In his autobiography,[8] Nathaniel Shilkret, Manager of the Victor Talking Machine Company's Foreign Department from about 1920 through 1926 and then Director of Light Music until 1933, notes that about a year after he hired Peer, Peer asked for a raise, which Shilkret approved. Shilkret comments on Peer's business acumen in making a very profitable trade for this raise: "[Victor executive] Walter Clark met Peer, who sold Clark an idea. No raise, but a royalty of one cent per record side that he would divide with the artist.... When I heard of this I was stunned. No one on the musical staff had been offered royalty for his arrangements or compositions, and here was a man collecting royalties with other men's compositions!"

Peer went on to publish and record other country and jazz artists and songs through his company Southern Music Publishing Company.[1] Fats Waller, Jelly Roll Morton, Louis Armstrong, and Count Basie were on Southern's roster. Then into popular music with songs such as Hoagy Carmichael and Stuart Gorrell's "Georgia On My Mind".[1]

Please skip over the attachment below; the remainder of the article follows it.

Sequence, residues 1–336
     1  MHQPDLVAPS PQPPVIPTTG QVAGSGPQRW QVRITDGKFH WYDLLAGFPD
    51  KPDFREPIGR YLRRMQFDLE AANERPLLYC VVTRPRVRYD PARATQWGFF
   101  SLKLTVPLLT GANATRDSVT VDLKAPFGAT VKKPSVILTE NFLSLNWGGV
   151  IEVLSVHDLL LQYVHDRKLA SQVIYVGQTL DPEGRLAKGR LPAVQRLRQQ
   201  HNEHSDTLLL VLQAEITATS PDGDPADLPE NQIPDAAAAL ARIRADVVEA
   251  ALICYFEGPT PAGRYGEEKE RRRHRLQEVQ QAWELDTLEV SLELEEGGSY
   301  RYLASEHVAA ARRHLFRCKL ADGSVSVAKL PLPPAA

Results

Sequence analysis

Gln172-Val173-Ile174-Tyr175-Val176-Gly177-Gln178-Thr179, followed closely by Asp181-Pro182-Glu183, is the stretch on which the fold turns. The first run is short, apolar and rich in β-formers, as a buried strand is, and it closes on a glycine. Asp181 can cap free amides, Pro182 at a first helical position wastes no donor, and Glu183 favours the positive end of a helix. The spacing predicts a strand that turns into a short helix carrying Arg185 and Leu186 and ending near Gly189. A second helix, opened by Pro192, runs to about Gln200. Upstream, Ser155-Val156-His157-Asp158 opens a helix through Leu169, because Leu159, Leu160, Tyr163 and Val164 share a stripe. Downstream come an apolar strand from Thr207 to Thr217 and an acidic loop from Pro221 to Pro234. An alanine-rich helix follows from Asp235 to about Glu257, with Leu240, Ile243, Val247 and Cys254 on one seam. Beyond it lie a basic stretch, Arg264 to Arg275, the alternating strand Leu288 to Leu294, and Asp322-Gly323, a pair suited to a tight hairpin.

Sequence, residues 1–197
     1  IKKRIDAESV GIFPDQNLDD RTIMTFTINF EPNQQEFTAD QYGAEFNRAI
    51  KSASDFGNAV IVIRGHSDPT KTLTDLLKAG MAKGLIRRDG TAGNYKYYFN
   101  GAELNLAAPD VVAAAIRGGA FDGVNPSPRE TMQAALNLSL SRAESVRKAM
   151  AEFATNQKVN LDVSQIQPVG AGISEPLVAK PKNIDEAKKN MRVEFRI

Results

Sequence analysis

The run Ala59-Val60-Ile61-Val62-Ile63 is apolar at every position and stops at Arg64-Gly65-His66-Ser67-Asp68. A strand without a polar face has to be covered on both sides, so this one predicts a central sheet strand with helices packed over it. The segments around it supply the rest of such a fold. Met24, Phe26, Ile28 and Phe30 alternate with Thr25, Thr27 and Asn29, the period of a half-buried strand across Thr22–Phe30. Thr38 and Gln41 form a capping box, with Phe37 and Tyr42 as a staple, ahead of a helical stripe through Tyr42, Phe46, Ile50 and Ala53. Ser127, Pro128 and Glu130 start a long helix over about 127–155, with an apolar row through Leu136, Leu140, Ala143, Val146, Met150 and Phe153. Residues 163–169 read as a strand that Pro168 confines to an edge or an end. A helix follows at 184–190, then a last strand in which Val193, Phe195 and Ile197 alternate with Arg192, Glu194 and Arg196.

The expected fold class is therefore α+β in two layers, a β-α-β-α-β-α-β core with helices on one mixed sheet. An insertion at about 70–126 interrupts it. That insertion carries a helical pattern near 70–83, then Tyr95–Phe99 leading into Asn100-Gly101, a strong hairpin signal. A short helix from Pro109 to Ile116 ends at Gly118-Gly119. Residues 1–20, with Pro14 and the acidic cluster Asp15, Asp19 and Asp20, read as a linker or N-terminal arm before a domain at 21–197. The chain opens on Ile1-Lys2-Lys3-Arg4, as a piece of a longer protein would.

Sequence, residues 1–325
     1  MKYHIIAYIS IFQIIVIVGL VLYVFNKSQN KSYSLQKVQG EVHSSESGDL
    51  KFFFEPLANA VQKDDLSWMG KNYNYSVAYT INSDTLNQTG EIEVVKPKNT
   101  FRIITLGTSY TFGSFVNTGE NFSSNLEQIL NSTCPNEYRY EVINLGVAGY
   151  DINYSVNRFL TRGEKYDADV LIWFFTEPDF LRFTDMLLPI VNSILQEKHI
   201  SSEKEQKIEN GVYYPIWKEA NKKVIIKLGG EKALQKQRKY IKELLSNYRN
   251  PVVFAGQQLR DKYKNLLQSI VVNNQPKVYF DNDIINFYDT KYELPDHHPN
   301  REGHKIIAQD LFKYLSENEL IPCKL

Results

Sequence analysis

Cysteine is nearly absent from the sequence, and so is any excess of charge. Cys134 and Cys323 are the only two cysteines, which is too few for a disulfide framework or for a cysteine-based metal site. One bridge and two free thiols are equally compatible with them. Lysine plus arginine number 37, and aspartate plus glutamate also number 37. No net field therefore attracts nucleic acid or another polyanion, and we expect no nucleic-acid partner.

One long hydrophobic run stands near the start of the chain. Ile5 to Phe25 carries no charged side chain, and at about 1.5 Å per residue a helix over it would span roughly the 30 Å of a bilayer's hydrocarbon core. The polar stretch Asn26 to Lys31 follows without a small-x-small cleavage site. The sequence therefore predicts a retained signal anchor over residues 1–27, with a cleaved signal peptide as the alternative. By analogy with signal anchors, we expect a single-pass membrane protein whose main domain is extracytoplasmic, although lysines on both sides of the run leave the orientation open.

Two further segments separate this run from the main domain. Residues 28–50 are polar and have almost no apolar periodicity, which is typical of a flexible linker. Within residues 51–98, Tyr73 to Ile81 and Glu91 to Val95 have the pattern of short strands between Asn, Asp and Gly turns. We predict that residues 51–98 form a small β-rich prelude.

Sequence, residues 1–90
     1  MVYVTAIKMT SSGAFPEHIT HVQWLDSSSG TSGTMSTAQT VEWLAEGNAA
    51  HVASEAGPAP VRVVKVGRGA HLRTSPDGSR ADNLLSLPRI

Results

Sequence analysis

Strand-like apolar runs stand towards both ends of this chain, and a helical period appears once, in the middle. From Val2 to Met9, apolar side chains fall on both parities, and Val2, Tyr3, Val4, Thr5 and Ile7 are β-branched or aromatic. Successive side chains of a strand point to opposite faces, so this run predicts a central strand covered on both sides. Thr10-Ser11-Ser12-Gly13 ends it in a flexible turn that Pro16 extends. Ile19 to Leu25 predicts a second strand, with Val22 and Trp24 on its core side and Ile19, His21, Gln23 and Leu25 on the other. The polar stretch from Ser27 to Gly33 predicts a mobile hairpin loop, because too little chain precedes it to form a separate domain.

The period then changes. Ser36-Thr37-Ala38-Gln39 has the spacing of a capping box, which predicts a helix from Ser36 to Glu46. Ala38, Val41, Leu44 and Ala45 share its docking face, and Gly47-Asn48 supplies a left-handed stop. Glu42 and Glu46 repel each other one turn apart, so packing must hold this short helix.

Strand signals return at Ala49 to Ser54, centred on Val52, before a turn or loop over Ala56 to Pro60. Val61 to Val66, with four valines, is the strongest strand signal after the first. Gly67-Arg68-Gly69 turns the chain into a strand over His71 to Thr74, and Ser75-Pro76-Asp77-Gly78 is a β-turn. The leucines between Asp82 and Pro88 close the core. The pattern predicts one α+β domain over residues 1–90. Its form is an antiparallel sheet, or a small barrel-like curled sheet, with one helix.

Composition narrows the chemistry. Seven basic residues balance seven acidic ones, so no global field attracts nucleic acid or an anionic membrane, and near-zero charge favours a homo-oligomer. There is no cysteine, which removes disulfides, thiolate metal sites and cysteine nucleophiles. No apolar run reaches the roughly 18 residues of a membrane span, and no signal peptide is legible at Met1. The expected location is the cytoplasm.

The company became influential in the 1930s, and success came through Peer's introducing Central American music to the world. In 1940, there was a major development when a dispute between the copyright organization American Society of Composers, Authors and Publishers (ASCAP) and US radio stations led to the inauguration of the rival Broadcast Music Incorporated (BMI). BMI supported music by blues, country and hillbilly artists, and Peer, through his Peer-International company, soon contributed a major part of BMI's catalogue.[1]